It was never about 87. And it won’t be about 100 victories, if that feat ends up happening. It was always about, simply, a few good turns and the rest is history. History made. History in the making. History yet to be made. 

A two-time Olympic champion, seven-time World Champion and now, the winningest alpine ski racer of all time, Mikaela’s career can certainly be easily summed up by numberslots and lots and lots of thembut those numbers would never truly do her story justice. To know Mikaela’s story, one must attempt to fathom the years and years of blood, sweat and tears she has put into attempting to perfect her craft. And she is still well on her way in her journey for the quest for excellence. 

Like the most fluid poem or the most beautiful classical piano piece, Mikaela’s craft was always smooth and effortless. Her approach was sometimes criticized, but something many marveled at and learned from. How fast, how many disciplines, and how she could move forward after what could not so simply be summed up as a “tough few years,” but a debilitating period of suffering and heartache after the death of her father. And then, there was a public disappointment on the world stage in Beijing where Mikaela walked away capturing not gold medals, but the hearts of viewers around the globe.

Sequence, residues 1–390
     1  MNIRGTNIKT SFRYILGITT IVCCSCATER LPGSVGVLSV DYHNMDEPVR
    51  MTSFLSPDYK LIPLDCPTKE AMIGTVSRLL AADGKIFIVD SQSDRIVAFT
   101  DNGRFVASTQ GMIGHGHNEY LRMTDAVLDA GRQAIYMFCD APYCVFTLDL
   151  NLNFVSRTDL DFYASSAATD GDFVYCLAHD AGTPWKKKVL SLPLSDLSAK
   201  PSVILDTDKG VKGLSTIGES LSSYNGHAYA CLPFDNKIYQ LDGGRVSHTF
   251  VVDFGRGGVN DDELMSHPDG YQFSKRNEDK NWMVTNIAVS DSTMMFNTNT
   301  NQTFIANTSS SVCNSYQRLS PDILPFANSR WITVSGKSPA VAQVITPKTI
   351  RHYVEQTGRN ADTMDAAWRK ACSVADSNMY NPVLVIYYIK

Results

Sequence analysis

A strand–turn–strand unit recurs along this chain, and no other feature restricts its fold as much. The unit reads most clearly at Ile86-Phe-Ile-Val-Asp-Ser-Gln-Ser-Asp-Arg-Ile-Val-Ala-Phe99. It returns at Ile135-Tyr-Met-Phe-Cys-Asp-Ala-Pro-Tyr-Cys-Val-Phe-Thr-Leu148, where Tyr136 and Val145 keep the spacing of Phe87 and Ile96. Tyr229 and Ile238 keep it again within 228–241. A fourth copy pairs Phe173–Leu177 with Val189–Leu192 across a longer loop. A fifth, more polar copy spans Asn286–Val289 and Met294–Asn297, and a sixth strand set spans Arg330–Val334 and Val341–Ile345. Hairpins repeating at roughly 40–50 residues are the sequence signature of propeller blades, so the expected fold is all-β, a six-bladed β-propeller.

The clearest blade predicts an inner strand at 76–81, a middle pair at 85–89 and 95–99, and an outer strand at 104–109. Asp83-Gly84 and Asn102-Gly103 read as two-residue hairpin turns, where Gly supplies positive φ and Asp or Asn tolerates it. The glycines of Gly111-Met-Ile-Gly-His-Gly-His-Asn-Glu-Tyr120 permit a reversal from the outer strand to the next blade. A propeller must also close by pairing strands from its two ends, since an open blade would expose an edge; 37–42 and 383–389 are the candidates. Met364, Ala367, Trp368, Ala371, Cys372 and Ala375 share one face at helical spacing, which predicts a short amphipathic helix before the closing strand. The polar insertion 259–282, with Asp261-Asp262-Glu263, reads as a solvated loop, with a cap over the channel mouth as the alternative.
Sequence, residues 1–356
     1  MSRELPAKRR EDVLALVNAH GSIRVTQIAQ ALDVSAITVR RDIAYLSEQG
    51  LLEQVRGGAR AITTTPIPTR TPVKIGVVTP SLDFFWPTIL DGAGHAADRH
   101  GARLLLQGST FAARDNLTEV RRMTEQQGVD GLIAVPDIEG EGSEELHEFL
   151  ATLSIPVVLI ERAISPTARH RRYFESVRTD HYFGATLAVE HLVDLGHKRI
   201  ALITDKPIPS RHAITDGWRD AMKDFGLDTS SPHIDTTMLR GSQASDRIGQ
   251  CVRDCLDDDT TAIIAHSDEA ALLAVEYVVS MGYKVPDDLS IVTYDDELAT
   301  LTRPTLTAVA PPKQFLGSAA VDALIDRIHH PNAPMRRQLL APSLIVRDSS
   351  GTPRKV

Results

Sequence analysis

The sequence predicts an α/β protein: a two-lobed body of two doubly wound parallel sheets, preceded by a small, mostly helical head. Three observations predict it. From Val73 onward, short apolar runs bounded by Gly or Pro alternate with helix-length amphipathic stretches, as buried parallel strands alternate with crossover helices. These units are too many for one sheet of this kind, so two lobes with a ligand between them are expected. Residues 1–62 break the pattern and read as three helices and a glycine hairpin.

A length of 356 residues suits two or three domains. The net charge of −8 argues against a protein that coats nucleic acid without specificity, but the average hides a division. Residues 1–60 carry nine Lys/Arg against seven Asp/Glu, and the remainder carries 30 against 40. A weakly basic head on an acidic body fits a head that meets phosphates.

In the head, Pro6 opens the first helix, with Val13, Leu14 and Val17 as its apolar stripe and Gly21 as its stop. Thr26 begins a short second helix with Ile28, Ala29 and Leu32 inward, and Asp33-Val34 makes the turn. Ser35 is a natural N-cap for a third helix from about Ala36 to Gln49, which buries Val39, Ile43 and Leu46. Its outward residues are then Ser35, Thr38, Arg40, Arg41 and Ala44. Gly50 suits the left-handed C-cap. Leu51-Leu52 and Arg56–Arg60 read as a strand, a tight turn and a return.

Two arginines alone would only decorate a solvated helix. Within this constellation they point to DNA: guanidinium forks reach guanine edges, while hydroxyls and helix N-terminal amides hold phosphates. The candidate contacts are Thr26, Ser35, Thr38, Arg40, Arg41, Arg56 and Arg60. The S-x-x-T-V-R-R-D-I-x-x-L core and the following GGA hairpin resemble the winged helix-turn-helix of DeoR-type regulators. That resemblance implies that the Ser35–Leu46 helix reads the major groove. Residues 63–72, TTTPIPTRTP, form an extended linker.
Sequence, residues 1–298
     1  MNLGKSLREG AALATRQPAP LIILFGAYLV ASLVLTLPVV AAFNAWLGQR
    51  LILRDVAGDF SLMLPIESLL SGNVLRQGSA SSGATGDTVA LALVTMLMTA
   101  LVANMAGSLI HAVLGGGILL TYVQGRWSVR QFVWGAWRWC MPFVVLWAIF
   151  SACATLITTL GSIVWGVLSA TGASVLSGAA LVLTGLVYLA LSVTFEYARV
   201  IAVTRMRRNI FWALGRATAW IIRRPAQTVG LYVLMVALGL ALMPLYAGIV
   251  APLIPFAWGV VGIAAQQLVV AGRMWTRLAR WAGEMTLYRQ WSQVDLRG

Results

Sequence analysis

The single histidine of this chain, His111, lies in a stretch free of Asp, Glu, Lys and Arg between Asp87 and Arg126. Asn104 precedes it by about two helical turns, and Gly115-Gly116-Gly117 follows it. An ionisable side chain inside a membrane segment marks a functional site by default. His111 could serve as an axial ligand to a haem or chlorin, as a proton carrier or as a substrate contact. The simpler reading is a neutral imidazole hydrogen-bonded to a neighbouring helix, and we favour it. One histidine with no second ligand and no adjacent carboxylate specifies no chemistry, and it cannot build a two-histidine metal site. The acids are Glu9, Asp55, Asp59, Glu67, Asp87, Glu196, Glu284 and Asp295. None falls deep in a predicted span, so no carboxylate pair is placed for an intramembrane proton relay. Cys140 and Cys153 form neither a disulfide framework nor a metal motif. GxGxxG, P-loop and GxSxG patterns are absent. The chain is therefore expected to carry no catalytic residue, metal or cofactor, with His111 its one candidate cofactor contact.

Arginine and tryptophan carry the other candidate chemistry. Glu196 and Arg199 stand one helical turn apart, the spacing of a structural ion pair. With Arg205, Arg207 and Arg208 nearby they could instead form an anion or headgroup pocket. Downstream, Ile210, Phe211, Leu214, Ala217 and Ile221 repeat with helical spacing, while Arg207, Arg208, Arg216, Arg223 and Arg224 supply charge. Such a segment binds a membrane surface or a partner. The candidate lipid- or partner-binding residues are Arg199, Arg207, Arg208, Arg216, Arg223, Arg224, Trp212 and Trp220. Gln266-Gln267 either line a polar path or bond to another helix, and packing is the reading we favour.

And here we are, where thousands upon thousands of a “few good turns” later, we’ve arrived at 87 in a magical place to Mikaela: Åre, Sweden. To happen here, in Åre, Sweden… 

  • Where Mikaela won her first World Cup on December 20, 2012. 
  • Where Mikaela met the young cancer survivor Emma Lundell, who made a lasting impact and is still a friend to this day, celebrating number 86 and 87 with Mikaela. 
  • Where Mikaela suffered her first major injury in 2015. 
  • Where she won three World Championships medals in 2019, and rose above exhaustion and illness to do the unthinkable and win her record fourth-straight slalom World Championships gold. 
  • Where she would attempt to return to the World Cup following the soul-crushing agony after the loss of her father, Jeff — only for the return to be delayed and the season cut short due to COVID. 
  • The home of Ingemar Stenmark. 
  • The place where she equaled Ingemar’s record, and then just one day later, reset the record—a record that stood for 34 years and most people thought would never be broken.